Friday, May 22, 2015

Can We Have Too Much Collective Knowledge?

More to the point is can we have too big of a record of collective knowledge that it is no longer useful? Barbara Fister recently discussed some of the pitfalls of publishing. Specifically, she mentioned an article by Luc Rinaldi that exposes the issues with peer review:
  • Some journal publishers are allowing papers to go to the head of the peer-review line if they are paid for the expedited service. This undermines the purpose of peer review by creating a limited pool of reviewers who will turn their reviews in quickly if the authors pay for the service. This is, in part, to satisfy those who need CV lines stat and can afford it in journals that carry a prestigious publisher’s brand (such as Springer/Nature) but publish anything that passes the review process.
  • Scammers have set up loads of pretty obviously fake pseudo-journals and conferences
  • Reviewing articles is a lot of hard work, gets little recognition, and often fails to spot problematic scholarship. There may be better ways to filter out bad scholarship, but we can’t agree on what they are.
  • People living outside Europe and North America want the credibility of peer-reviewed scholarship, but may not be familiar with or respectful of the rules.
  • Because we now have new models for financing publishing and many new publications are being launched, it’s hard for scholars to keep up with what’s legitimate.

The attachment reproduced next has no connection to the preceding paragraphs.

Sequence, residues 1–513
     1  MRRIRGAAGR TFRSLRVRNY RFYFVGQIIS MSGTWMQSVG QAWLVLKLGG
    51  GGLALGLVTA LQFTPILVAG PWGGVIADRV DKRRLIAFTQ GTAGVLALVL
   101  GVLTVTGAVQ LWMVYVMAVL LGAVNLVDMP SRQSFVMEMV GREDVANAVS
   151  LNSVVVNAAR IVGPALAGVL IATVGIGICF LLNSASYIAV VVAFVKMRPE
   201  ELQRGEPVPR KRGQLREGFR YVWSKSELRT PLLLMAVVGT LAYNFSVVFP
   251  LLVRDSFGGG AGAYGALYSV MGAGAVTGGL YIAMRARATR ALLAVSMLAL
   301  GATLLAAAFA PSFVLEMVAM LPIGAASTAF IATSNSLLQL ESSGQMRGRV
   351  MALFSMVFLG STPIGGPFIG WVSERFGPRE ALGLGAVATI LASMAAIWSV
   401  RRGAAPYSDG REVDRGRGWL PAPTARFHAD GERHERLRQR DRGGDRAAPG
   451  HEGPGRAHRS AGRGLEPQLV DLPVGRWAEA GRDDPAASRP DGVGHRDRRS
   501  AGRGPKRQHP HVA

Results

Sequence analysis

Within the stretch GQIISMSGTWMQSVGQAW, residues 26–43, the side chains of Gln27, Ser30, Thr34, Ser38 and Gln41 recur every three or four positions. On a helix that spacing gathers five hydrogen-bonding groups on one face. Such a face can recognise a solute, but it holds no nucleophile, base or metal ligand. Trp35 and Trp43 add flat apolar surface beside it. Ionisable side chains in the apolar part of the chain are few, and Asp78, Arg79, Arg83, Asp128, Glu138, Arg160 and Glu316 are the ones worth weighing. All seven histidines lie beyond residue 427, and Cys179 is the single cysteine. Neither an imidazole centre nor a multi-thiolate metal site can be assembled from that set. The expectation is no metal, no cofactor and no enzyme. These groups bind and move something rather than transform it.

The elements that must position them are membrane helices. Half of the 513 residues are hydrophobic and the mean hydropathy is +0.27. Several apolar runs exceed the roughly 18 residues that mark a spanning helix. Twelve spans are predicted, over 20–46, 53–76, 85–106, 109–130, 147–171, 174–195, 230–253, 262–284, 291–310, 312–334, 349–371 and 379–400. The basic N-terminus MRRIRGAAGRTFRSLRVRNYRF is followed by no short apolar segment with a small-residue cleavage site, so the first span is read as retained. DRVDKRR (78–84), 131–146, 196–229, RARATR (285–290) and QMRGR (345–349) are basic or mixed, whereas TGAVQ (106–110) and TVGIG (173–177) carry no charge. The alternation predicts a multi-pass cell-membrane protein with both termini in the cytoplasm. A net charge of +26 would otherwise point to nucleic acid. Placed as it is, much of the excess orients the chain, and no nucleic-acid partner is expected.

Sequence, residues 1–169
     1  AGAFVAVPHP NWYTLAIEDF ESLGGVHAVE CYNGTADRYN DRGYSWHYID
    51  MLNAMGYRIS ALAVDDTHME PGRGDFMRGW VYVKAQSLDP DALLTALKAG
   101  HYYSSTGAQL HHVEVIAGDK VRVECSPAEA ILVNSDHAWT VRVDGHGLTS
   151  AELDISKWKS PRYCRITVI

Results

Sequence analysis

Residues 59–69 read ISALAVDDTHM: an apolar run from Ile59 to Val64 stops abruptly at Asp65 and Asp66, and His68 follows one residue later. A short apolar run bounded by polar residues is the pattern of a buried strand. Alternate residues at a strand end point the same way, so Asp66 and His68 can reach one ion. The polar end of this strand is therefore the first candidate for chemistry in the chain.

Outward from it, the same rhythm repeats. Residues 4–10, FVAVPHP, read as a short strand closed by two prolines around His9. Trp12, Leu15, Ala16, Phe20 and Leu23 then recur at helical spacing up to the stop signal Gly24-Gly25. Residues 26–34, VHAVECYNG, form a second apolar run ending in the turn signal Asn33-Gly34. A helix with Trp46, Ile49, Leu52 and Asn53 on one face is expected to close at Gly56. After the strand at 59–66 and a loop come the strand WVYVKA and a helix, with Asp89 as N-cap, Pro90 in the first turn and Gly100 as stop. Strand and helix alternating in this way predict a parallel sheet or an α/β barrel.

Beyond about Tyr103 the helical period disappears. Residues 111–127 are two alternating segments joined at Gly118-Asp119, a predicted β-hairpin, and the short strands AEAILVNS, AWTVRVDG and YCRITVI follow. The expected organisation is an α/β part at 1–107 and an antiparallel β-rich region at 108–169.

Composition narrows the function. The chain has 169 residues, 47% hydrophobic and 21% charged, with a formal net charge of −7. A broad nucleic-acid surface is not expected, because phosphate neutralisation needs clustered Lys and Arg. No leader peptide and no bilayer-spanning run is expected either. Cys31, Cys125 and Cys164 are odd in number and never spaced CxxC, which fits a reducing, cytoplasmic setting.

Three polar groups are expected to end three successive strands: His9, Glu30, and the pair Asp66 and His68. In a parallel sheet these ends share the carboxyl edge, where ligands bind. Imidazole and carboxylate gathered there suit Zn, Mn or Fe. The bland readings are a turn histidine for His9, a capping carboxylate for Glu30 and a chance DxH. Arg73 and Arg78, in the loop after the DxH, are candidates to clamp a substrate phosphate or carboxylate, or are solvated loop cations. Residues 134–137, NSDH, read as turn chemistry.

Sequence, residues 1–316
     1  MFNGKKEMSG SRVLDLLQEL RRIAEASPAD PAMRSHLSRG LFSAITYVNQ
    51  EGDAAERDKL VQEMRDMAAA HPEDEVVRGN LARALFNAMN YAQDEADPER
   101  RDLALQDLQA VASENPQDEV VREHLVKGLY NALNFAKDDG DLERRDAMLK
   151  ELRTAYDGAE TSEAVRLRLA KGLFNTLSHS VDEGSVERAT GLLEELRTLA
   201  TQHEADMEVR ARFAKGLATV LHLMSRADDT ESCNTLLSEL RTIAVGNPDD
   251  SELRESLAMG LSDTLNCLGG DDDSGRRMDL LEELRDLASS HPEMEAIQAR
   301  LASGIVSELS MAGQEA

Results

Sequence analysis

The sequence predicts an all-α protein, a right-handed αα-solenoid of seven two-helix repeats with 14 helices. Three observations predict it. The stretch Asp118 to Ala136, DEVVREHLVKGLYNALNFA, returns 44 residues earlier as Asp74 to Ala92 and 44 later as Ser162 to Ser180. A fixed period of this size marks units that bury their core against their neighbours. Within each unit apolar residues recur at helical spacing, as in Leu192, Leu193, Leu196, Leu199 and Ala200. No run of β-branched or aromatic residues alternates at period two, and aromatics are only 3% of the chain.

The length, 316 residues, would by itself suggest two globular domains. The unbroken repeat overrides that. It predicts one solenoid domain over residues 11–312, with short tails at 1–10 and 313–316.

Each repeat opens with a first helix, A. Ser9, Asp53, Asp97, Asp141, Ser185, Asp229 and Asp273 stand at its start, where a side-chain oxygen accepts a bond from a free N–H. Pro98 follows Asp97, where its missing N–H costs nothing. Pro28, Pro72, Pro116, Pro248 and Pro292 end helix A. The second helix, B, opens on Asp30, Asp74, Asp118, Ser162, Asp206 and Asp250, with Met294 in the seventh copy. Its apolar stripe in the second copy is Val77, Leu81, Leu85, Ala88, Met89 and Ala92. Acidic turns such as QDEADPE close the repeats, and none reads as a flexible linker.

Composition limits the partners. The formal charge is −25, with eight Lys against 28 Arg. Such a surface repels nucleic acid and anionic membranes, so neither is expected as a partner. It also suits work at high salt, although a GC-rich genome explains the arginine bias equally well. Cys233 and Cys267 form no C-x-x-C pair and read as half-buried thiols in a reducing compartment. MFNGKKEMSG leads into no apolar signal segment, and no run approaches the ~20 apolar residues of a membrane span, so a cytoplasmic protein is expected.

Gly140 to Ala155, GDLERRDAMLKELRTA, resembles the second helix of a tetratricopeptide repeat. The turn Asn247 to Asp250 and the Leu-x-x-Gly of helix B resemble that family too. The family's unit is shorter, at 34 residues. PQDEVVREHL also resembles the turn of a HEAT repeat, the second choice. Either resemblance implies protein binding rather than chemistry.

And Fister added her own issue, which is that there is too much scholarly publishing overall. I’m not saying we should quit doing research, but maybe we should be a little more selective about what we feel needs to be part of the record. For one thing, it’s getting harder and harder to consult the record, as bloated as it is. It’s incredibly costly, both in terms of the time we put into writing and reviewing it and developing and sustaining systems for sharing and preserving it all. It also means that people are so frantically gathering up metrics of our productivity that we have less time to think, and some of our best thoughts require fallow time.

All of these issues with publishing and peer review and the bloated record make a strong argument for the continued need of librarians. It's harder to vet reputable information because of things like sham journals, and it's harder to access relevant information because there is so much of it being produced. One part of the evolving role of librarians means staying abreast of these issues and bringing this knowledge to our patron base. 

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